No. 17 Vols top Chattanooga 58-46 for 30th straight home win

Tennessee’s Lamonte’ Turner is emerging as one of the nation’s top distributors while he waits for his shots to start falling again.

Turner had 17 points and 12 assists as No. 17 Tennessee beat Chattanooga 58-46 on Monday to extend the longest active home winning streak in Division I to 30 games.

The fifth-year senior is shooting just 30% (21 of 70) from the floor this season but is averaging 9.2 assists per game. Turner entered Monday’s game ranked third among Division I players in that category.

“That’s just kind of like part of the game I developed, learning to play without the ball, learning to pass the ball, learning to get guys in spots where they can score,” Turner said. “Being a leader on this team, that’s my job as a point guard, to get guys in spots to make them better, to make it easier on them. That’s been a big emphasis for me, and I’ve gotten better at doing that.”

Although he shot just 4 of 16 from the floor Monday, Turner scored or assisted on 16 of Tennessee’s 19 baskets. Turner had just one turnover along with his 12 assists, two off the career high he set Nov. 12 against Murray State.

“He just makes it easy for you,” said forward John Fulkerson, who shot 4 of 4 and scored 14 points. “Simple as that. If you can make a layup, he’s going to get you the ball.”

Jordan Bowden added 13 points and a career-high 12 rebounds for Tennessee (5-0). Matt Ryan and David Jean-Baptiste each scored nine points for Chattanooga (3-3), which shot 33.9%.

Tennessee coach Rick Barnes said last week that Turner’s left shoulder is still bothering him after he had arthroscopic surgery following the 2018-19 season.

That may explain why Turner has struggled to score lately after earning a reputation as a clutch shooter for much of his career. Turner doesn’t like to talk about his shoulder but believes his shooting stroke eventually will improve.

“It will come around,” Turner said. “I’m going to keep taking my shots. I’m going to keep being confident in my shot or whatever.”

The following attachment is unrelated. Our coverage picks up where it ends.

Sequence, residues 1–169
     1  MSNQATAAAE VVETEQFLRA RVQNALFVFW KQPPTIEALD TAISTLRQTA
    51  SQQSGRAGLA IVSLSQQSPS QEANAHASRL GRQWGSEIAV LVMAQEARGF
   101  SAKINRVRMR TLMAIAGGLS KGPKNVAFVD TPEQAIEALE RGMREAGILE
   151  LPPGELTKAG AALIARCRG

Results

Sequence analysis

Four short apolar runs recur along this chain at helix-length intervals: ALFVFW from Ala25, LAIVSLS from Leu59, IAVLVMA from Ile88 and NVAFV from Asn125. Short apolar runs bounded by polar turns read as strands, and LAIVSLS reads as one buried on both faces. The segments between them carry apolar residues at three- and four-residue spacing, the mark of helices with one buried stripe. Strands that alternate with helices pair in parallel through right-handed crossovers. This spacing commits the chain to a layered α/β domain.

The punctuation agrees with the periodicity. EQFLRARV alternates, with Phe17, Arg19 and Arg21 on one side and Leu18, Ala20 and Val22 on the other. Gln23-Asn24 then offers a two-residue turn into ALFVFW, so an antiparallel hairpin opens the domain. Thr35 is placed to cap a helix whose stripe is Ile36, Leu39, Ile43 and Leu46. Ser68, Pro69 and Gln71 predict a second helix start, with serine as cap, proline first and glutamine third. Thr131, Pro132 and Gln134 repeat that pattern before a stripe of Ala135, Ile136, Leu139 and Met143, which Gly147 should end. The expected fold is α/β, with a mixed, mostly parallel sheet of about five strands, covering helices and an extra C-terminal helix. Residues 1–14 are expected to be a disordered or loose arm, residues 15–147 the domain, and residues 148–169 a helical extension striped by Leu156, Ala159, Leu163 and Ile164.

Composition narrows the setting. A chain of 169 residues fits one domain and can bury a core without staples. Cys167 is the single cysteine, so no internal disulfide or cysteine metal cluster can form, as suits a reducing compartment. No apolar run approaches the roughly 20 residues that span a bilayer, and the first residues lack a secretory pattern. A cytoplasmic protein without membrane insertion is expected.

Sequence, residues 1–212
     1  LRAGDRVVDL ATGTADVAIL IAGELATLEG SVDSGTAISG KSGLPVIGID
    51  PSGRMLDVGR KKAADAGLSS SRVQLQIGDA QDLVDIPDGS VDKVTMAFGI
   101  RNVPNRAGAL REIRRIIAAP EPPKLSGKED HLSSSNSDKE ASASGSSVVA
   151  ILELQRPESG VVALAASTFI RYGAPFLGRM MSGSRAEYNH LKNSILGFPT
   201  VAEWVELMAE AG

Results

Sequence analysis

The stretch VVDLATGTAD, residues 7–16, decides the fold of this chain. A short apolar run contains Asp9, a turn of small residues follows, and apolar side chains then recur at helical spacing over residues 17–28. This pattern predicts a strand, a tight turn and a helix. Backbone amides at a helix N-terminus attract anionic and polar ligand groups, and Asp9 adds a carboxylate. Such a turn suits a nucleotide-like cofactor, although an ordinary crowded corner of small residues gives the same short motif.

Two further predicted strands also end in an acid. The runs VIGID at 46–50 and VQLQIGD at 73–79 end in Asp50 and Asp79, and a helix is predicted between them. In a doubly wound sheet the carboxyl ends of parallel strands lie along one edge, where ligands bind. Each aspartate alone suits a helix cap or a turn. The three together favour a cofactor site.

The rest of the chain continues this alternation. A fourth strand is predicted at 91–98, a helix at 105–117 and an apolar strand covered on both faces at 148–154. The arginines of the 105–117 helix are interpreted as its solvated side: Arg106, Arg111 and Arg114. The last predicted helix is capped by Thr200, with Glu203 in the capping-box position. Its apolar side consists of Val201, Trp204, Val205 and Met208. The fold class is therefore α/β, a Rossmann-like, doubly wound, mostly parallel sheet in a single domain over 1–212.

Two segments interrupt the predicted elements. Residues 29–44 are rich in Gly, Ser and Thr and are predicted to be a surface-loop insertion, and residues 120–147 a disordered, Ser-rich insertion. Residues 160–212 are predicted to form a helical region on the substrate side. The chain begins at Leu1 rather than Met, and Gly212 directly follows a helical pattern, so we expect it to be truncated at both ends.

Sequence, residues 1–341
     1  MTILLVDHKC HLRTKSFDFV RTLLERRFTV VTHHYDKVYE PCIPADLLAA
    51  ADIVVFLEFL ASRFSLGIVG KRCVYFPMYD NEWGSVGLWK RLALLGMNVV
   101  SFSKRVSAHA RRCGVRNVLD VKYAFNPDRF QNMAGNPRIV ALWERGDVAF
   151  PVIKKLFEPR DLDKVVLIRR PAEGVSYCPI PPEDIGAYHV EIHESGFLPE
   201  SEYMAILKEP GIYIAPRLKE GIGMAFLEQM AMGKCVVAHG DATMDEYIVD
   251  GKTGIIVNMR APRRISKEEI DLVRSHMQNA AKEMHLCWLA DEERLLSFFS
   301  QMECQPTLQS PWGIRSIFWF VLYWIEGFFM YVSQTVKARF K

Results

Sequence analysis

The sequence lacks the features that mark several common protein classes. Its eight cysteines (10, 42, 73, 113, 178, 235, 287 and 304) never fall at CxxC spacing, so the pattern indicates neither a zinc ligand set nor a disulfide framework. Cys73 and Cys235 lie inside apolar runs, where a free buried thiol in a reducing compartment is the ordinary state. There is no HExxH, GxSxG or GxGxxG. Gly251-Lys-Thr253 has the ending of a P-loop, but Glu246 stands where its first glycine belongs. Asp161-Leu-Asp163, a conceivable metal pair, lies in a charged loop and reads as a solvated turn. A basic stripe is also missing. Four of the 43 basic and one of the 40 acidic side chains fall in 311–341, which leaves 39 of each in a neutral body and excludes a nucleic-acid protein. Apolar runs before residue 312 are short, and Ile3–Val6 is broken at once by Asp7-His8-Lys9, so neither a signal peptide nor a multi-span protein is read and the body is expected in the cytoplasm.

Tennessee built a 28-18 halftime lead by holding Chattanooga to two points during a first-half stretch that lasted 10:12.

“They’re really solid, sound and committed to what they do, especially on the defensive end,” Chattanooga coach Lamont Paris said. “I think you could see that wasn’t our best offensive day, that’s for sure. A lot of that was due to them.”

That stingy defense enabled Tennessee to stay ahead even as it struggled from the field in the second half.

Tennessee made just one basket in a span of 9:51, but Chattanooga failed to get the margin below six points during that stretch because the Mocs couldn’t make shots and couldn’t keep the Vols off the free-throw line.

“We weren’t very good on offense,” Barnes said. “Defensively, we did do some good things. We’ve got to just get better offensively.”


Chattanooga: Facing Florida State and Tennessee in its last two games, Chattanooga needed to make its 3-point shots to have any chance of surviving. But Chattanooga shot 5 of 24 from beyond the arc in an 89-53 loss to the Seminoles and followed that up by going 5 of 18 from 3-point range Monday. Chattanooga’s defense deserves credit for keeping this game relatively close most of the way.

Tennessee: The Vols are going to go as far as their defense takes them. Tennessee hasn’t allowed any of its first five opponents to shoot better than 41.1% from the floor.


Tennessee went 15 of 23 from the foul line in the second half after attempting no free throws in the first half.


Tennessee hasn’t lost a home game since falling 94-84 to Auburn on Jan. 2, 2018.


Both teams head to Niceville, Florida, for the Emerald Coast Classic on Friday. Chattanooga faces Alabama State and Tennessee plays Florida State.